WASHINGTON — An Obama administration program secretly dispatched young Latin Americans to Cuba using the cover of health and civic programs to provoke political change, a clandestine operation that put those foreigners in danger even after a US contractor was hauled away to a Cuban jail.
Beginning as early as October 2009, a project overseen by the US Agency for International Development sent Venezuelan, Costa Rican, and Peruvian young people to Cuba in hopes of stoking rebellion.
The travelers worked undercover, often posing as tourists, and traveled around the island scouting for people they could turn into political activists.
Fernando Murillo was typical of the young Latin Americans deployed to Cuba. He had little training in the dangers of clandestine operations — or how to evade one of the world’s most sophisticated counterintelligence services.
Murillo was instructed to check in every 48 hours and was provided with a set of security codes. ‘‘I have a headache,’’ for instance, meant the Costa Rican thought the Cubans were watching him and the mission should be suspended.
The danger of the program was apparent to USAID, if not to the young operatives: A USAID contractor, American Alan Gross, was arrested on a charge of smuggling in sensitive technology. He is still in jail.
USAID hired Creative Associates International, a Washington-based company, as part of a civil society program against Cuba’s communist government. The same company was central to the creation of a ‘‘Cuban Twitter’’ — a messaging network revealed in April by the Associated Press, designed to reach hundreds of thousands of Cubans.
According to internal documents obtained by the AP and interviews in six countries, USAID’s young operatives posed as tourists, visited college campuses, and used a ruse that could undermine USAID’s credibility in critical health work around the world: an HIV-prevention workshop one called the ‘‘perfect excuse’’ to recruit political activists, according to a report by Murillo’s group. For all the risks, some travelers were paid as little as $5.41 an hour.
The travelers program was launched during a time when newly inaugurated President Obama spoke about a ‘‘new beginning’’ with Cuba after decades of mistrust, raising questions about whether the White House had a coherent policy toward the island nation.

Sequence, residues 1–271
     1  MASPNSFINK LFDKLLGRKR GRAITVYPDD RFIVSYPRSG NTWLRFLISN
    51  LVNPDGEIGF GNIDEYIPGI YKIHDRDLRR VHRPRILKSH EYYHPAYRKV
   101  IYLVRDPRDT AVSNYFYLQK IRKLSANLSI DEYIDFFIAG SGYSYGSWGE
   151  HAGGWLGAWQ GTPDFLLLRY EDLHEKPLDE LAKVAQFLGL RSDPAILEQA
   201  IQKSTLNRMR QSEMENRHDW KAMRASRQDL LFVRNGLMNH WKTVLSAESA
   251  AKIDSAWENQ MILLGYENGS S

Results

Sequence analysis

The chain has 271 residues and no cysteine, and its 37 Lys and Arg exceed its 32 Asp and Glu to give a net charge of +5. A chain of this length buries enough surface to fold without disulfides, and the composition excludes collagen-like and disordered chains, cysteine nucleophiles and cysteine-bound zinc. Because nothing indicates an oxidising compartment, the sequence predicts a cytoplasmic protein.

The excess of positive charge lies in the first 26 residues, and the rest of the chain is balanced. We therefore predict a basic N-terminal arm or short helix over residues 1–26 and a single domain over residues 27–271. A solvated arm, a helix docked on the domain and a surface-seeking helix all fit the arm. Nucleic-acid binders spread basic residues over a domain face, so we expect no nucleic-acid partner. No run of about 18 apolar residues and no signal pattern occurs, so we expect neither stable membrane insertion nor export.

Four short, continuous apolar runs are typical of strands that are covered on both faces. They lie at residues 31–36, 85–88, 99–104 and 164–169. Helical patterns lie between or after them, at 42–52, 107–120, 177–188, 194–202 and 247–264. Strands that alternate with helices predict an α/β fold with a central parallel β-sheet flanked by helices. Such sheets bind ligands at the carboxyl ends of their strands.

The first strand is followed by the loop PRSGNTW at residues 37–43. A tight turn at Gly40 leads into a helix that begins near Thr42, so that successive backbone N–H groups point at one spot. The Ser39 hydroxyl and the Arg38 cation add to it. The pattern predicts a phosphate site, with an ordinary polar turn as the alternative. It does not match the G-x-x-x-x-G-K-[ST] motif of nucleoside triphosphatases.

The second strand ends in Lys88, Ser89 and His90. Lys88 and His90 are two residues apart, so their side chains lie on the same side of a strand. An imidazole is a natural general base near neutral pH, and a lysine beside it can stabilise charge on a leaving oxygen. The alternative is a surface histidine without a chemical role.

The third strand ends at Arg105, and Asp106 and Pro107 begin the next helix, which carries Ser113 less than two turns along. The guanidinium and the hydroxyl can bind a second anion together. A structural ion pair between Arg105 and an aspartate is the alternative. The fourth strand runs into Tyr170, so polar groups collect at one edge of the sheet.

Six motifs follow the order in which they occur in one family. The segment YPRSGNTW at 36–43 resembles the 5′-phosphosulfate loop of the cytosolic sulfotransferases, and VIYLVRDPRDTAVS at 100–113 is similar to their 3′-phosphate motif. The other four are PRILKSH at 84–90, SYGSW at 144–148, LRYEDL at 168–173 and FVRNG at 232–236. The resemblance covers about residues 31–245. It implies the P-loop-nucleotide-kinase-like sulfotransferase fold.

There’s no evidence that the program advanced the mission to create a pro-democracy movement against the government of Raul Castro. Creative Associates declined to comment, referring questions to USAID.
USAID would not say how much the Costa Rica-based program cost. In response to questions from the AP, the agency issued a statement that said, ‘‘USAID and the Obama administration are committed to supporting the Cuban people’s desire to freely determine their own future. USAID works with independent youth groups in Cuba on community service projects, public health, the arts and other opportunities to engage publicly, consistent with democracy programs worldwide.’’
But the AP investigation revealed an operation that often teetered on disaster. Cuban authorities questioned who was bankrolling the travelers. The young workers came dangerously close to blowing their mission to ‘‘identify potential social-change actors.’’ And there was no safety net for the inexperienced travelers, who were doing work that was explicitly illegal in Cuba.
After Gross was arrested, USAID privately told contractors that they should consider suspending travel to Cuba, according to e-mails obtained by the AP. ‘‘We value your safety,’’ one senior USAID official said in an e-mail, less than a week after Gross was seized.
‘‘The guidance applies to ALL travelers to the island, not just American citizens,’’ another official wrote.
Contractor Still in Jail
Yet four months later, in April 2010, Murillo was sent to Havana.
Murillo, then 29, was the charismatic head of a human-rights group in Costa Rica called Fundacion Operacion Gaya Internacional, which had been contracted by Creative Associates to turn Cuba’s apathetic young people into effective political actors.
Murillo headed to Santa Clara, three hours from Havana, where he connected with a cultural group that called itself ‘‘Revolution,’’ a modest outfit of artists devoted to electronic music and video. Months later, in November 2010, an HIV workshop drew 60 people. The workshop was supposed to offer straightforward education for HIV prevention.
But the ulterior motive, documents show, was to use the workshop as a recruiting ground for young people by showing them how to organize themselves.
Reached in San Jose, Costa Rica, Murillo said he could not speak about the details of his Cuba trips because he had signed a nondisclosure agreement.